This was my Senior Design project at the University of Cincinnati. It was a collaboration between myself, Sean Setter, Mike Melchers, Eric Bair, and Premal Doshi. The purpose of the project was to create a wireless, Bluetooth-enabled credit card that would allow transactions to be performed wirelessly. The system involved two software components, and the card itself. The ultimate goal being a cellphone-based payment system, similar in theory to Google Wallet and Apple Pay, which followed nearly a decade later.
The software is broken into two parts, the credit card information server (CCIS), and the automated checkout counter (ACC). The software was designed by Sean and I and used portions of GPLd code from Robbie Duncan to get the Bluetooth functionality up and running. An EAN to ASIN (Amazon.com) converter sourced from Books OS X was also used. The ACC is capable of hitting Amazon AWS Webservices to pull item price and name information, as well as a photo of the item if available. The ACC does this by allowing the input of a product's UPC code, either by direct entry, or by the use of a modified CueCat barcode scanner. The CCIS was a modified version of a program I created for Network Systems Programming my Junior year. Both software programs were created exclusively for Apple's Mac OS X operating system.
blueCard: The software - While no guarantees are made about the functionality of the software, it should run fine on Mac OS X Tiger and earlier. It may be necessary to disable the check for Bluetooth devices on startup via the preferences .plist, which could cause the program to quit unexpectedly if none are present. The full XCode project is included. The code is released under the GPL license, as required by the few GPL codebases we utilized in the creation of the project. Note that Amazon has since deprecated the version of AWS API that was used for this project, so the Amazon integration will no longer function properly.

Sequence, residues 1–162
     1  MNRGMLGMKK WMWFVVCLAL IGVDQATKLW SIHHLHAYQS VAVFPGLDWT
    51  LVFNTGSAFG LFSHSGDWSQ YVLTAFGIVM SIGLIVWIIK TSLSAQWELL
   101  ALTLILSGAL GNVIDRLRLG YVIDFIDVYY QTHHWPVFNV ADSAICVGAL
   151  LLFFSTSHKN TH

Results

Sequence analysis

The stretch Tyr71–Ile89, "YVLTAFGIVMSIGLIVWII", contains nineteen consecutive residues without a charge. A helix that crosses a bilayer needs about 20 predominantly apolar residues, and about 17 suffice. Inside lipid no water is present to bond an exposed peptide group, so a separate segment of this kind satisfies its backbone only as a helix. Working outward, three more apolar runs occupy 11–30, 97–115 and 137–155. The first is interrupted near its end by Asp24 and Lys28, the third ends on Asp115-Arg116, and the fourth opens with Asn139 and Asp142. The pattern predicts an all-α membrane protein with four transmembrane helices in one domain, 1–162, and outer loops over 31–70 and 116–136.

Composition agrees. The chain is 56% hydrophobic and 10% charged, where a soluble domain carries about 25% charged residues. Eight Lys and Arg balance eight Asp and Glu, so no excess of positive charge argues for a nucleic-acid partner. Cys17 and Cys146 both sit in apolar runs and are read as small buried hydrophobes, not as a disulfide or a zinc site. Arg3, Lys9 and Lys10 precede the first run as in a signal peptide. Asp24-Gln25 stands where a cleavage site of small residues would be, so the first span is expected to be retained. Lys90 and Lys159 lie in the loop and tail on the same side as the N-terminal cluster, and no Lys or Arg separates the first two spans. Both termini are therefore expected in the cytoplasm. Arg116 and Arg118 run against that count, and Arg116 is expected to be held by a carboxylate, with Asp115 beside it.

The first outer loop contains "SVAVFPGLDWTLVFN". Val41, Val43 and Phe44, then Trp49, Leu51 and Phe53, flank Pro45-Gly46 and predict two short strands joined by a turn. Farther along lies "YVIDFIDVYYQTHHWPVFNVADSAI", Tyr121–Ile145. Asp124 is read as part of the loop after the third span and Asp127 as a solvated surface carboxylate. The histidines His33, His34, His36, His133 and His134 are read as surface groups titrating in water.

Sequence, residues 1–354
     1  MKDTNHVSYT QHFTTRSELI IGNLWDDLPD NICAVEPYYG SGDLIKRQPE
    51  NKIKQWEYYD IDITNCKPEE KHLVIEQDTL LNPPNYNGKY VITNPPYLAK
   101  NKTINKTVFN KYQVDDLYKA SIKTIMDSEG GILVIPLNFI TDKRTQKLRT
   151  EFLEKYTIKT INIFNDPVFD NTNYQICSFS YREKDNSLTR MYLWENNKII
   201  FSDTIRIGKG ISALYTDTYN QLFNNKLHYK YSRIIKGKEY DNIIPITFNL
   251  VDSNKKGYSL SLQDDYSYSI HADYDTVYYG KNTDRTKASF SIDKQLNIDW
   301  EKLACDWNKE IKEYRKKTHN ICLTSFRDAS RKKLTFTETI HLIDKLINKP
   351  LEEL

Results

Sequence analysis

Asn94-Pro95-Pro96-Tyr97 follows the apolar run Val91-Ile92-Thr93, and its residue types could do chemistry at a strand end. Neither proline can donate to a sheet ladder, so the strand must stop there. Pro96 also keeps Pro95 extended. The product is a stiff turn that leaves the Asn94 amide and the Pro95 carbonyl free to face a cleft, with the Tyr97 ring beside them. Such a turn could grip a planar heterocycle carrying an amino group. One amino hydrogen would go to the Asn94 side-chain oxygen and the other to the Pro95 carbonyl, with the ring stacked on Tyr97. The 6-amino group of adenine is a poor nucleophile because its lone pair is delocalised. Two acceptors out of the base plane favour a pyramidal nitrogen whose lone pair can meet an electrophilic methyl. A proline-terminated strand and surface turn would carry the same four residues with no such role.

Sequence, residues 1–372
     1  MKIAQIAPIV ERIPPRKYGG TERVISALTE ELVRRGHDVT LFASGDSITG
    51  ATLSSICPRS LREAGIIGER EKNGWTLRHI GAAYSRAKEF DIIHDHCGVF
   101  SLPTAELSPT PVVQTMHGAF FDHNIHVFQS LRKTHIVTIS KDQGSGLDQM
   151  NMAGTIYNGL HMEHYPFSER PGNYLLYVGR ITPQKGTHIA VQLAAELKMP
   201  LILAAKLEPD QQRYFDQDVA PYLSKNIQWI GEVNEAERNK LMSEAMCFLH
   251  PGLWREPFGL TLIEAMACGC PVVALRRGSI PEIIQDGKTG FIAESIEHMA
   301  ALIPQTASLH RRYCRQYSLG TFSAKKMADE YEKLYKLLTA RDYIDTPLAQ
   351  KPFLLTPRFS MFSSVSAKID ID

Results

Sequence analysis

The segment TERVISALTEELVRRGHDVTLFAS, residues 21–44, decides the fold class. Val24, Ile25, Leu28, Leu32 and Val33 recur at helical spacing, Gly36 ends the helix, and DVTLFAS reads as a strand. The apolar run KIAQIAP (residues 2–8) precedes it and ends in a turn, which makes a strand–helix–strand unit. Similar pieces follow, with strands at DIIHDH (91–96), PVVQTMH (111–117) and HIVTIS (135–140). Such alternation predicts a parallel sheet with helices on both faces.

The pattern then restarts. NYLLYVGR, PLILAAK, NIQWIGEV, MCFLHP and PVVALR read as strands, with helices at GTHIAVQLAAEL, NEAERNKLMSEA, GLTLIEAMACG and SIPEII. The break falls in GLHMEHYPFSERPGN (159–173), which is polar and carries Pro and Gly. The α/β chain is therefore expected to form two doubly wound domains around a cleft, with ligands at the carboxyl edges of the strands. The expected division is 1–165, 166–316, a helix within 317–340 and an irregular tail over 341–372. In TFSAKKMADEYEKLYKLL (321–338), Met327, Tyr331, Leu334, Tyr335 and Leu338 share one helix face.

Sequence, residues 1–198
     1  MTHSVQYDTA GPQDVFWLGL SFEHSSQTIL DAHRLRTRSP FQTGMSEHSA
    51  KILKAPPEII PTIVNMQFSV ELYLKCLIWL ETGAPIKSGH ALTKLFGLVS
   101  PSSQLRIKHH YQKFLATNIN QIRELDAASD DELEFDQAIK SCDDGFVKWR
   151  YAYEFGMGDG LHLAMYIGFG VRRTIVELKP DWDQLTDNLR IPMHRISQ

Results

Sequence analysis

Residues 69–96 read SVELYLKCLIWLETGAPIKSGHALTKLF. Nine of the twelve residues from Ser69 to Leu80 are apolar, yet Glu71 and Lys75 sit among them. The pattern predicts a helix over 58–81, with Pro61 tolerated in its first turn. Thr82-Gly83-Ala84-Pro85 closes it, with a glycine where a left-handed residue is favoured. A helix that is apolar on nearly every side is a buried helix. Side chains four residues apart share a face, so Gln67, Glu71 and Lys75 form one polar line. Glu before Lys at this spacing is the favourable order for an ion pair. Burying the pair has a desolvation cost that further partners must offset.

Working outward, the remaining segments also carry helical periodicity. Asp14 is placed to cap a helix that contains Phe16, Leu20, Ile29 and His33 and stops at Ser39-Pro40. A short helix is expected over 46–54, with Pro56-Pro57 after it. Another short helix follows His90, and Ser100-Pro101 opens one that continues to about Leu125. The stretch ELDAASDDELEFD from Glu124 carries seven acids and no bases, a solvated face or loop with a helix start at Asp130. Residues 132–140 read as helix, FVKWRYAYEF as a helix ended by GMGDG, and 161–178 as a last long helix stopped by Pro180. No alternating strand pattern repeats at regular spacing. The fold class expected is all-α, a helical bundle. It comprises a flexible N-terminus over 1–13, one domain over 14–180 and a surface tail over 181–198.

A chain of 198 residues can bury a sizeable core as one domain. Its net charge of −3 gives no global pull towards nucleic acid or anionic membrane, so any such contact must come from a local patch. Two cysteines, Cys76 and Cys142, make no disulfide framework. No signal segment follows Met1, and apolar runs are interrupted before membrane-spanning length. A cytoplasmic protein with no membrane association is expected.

The hardware was handled by Mike, Eric, and Premal. It involved a TDK Bluetooth development kit for communications and a microcontroller for coordinating it all.
Design 0 - Basic high-level description of the project
Design 1 - Lower-level description of workings of the high-level components
Circuit Schematic - Schematic of the hardware implementation